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12-09-2012, 02:17 AM   #1
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18-135 refuses to focus

Hi,

I just received my K-30 kit with the 18-135 lens, but the lens simply refuses to focus. Nothing happens when I half-press the shutter button. 1 out of 10 times it will make an effort to focus, but does not even get anywhere close. I know that it is a lens problem, because the 55-300 lens that I also ordered works fine. Anyone have a suggestion how to easily fix the problem (contacts maybe?) that will save me having to send it back?

Thanks,

Charlton

12-09-2012, 04:43 AM   #2
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Are you shooting up too close and beyond the lens' focusing scale? This may cause the lens to stop focusing once it hits the end of the scale and may tinker back and forth a bit in a attempt to reach further in. Try focusing when you are further away from the subject and see what happens.
12-09-2012, 04:56 AM   #3
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My experience of the 18-135 is that, if it cannot focus, it does not even try. "Cannot focus" can be that you are trying to focus too close or there is too little contrast (low light, etc.). My other lenses will hunt, but I am not sure I have ever got the 18-135 to hunt.

Firstly, ensure that ALL the contacts are clean.
12-09-2012, 07:28 AM   #4
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Thanks for the suggestions. The lens refuses to focus, regardless of subject distance or available light. Even when it does respond, it only focuses slightly, without even coming close to achieving accurate focus. The strange thing is that It does not even focus manually! It just seems like I got a dud. Maybe Vietnam isn't the best place to assemble lenses....

,

12-09-2012, 10:43 AM   #5
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QuoteOriginally posted by Charlie70 Quote
Maybe Vietnam isn't the best place to assemble lenses....
Don't be ridiculous.

Last month, Toyota recalled 2.77 million automobiles. Maybe Japan isn't the best place to assemble automobiles....
12-09-2012, 04:06 PM   #6
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QuoteOriginally posted by Charlie70 Quote
The lens refuses to focus, regardless of subject distance or available light.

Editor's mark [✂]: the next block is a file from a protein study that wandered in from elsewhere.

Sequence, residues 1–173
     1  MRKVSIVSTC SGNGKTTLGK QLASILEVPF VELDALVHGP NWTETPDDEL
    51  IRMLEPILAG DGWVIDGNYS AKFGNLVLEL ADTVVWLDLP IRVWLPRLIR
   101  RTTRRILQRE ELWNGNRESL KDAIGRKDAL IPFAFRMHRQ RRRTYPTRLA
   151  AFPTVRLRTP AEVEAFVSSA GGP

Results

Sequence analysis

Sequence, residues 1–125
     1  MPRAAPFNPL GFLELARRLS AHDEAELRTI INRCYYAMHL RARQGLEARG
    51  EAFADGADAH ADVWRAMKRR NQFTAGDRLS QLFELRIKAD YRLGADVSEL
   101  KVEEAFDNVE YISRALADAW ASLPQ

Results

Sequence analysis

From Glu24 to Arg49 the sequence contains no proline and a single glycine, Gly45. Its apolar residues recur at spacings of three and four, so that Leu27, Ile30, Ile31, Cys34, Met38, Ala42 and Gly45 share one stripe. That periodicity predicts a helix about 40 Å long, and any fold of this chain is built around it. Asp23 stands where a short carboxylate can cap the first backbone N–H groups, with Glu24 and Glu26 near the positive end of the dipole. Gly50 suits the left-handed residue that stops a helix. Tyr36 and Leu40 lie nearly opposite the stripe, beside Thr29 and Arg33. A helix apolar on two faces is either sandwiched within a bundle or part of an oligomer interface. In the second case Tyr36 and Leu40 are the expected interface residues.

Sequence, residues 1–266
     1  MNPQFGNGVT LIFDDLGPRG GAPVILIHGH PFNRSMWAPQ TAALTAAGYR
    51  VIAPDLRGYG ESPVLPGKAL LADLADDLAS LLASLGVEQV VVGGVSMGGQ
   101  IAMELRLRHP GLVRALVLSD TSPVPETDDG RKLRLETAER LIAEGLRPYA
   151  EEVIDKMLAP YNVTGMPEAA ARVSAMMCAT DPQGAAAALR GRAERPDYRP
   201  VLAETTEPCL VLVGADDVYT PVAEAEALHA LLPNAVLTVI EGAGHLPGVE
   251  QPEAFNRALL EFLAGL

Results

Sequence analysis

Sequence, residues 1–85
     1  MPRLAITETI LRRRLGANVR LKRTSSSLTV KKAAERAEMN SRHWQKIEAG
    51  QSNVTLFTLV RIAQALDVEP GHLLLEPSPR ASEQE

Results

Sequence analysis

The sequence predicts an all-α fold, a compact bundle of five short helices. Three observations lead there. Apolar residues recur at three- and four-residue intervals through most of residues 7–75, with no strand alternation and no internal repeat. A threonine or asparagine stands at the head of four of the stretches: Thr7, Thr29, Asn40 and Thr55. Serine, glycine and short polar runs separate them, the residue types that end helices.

It is possible that the lens took a knock somewhere between the factory, the retailer, and you, which has thrown out a gear in the lens, or broken a soldered connection somewhere. It happens.

But I am VERY surprised to hear you state that you can't even manually focus. What happens if you set the focus mode switch to 'MF' and try to turn the focus ring on the lens (the little ring, not the big zoom ring)?

Surely the lens it isn't so jammed up that the focus ring won't even turn by hand.
12-10-2012, 01:20 AM   #7
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QuoteOriginally posted by MPrince Quote
Don't be ridiculous.

Last month, Toyota recalled 2.77 million automobiles. Maybe Japan isn't the best place to assemble automobiles....
Point taken. The comment was written out of frustration. For the record, I have nothing against Vietnam or the Vietnamese people.
12-10-2012, 01:25 AM   #8
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Believe me, I was also very surprised. The focusing ring turns smoothly (I'm not a newbie to photography), but has no effect on the focus.

12-10-2012, 02:43 AM   #9
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QuoteOriginally posted by Charlie70 Quote
The focusing ring turns smoothly (I'm not a newbie to photography), but has no effect on the focus.
OK, just had to check.

So, with the lens dismounted from the body, and the lens at maximum zoom, does the focus ring rotate freely, and does the focus ring feel like it is moving across it's full range? (Even though the focus ring spins continuously, you should feel a slight 'bump' at each end of the focus range as you hit the focus limits).